Saturday, March 21, 2015

Darcy and Tristan

I am watching the BBC version of Jane Austen's Pride and Prejudice on DVD and reading the book at the same time - or actually after each episode. I find it best to see an episode before reading it as then I enjoy it without fretting that the nuances are being lost.  When I read the episode after seeing it, I enjoy all the parts have been left out of the film while admiring the inventiveness of the film makers in being able to include so much.

Today I discovered a very clever auditory device used in the DVD that of course cannot be in the book. At the end of the penultimate episode, as Elizabeth finally realises she loves Darcy while at the same time recognising that current circumstances make it unlikely that his previous avowal of love will ever be repeated, we see Darcy as she sees him and hear a few notes of the music from Tristan and Isolde. Just those few notes are enough to capture the yearning of the lovers. It makes you realise again just how clever Wagner was and just how much his music permeates our culture.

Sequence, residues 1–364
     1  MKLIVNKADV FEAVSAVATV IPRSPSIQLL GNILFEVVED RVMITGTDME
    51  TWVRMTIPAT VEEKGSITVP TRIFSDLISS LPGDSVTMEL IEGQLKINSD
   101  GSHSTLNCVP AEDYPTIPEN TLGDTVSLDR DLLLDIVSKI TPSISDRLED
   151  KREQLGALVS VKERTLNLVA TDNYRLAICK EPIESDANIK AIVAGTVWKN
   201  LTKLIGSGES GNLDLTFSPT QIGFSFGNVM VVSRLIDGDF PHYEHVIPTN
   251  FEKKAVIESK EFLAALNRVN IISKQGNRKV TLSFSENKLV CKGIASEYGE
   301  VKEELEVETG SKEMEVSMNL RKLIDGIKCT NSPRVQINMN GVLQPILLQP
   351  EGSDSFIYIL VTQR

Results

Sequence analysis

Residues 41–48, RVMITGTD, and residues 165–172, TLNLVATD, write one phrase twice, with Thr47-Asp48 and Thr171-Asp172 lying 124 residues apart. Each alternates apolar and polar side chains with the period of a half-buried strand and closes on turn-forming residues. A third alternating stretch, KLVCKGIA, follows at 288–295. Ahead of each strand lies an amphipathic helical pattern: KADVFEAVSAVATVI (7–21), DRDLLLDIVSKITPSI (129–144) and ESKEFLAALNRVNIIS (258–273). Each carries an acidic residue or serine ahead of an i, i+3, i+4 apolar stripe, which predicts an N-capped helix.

What Richard Wagner is to music, Jane Austin is to the English novel. Every word is irreplaceable; not one would you leave out, nor yet is there one that you would like to add. That is exactly what has been said about the notes in Wagner's Parsifal.

Darcy and Tristan: what a combination.

No comments: